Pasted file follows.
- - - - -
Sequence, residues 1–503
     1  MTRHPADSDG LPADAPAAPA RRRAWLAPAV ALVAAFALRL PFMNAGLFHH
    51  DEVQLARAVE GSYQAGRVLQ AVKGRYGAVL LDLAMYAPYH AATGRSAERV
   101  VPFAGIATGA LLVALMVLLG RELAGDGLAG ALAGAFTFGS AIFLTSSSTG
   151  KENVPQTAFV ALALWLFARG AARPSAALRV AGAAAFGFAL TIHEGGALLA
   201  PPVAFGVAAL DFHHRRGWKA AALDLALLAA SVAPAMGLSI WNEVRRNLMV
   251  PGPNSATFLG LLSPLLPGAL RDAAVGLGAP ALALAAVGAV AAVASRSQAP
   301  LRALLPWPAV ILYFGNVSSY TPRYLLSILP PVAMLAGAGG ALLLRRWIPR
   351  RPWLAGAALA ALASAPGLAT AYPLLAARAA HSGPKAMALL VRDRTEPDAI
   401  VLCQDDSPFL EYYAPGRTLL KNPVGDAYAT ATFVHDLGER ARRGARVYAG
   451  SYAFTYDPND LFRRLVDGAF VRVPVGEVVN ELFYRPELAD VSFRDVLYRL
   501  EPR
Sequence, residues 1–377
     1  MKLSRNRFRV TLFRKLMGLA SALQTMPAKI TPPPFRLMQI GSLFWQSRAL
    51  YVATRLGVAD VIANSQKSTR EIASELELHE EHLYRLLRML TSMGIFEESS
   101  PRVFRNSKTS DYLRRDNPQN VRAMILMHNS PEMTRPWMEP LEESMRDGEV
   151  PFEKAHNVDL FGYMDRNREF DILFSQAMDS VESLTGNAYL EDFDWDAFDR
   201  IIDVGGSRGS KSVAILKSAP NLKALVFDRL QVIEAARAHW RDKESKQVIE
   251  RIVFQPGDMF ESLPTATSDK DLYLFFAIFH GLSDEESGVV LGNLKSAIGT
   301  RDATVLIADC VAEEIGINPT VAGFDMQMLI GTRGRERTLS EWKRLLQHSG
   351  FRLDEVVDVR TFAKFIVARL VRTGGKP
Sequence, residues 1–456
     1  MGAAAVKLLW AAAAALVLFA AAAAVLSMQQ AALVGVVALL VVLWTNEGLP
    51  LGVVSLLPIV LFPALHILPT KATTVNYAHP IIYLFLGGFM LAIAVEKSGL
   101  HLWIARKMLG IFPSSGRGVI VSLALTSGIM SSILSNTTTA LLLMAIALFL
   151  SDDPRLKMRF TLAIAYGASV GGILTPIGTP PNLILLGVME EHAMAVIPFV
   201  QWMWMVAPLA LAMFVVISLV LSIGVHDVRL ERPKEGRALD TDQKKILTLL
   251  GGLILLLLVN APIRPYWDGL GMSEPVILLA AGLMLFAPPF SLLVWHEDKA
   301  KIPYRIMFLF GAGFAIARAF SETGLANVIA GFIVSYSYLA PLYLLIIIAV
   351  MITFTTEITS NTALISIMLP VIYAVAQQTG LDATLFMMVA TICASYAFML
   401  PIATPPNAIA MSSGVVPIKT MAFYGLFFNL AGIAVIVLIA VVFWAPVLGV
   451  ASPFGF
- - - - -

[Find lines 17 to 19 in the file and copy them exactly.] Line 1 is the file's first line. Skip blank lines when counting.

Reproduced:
   151  PFEKAHNVDL FGYMDRNREF DILFSQAMDS VESLTGNAYL EDFDWDAFDR
   201  IIDVGGSRGS KSVAILKSAP NLKALVFDRL QVIEAARAHW RDKESKQVIE
   251  RIVFQPGDMF ESLPTATSDK DLYLFFAIFH GLSDEESGVV LGNLKSAIGT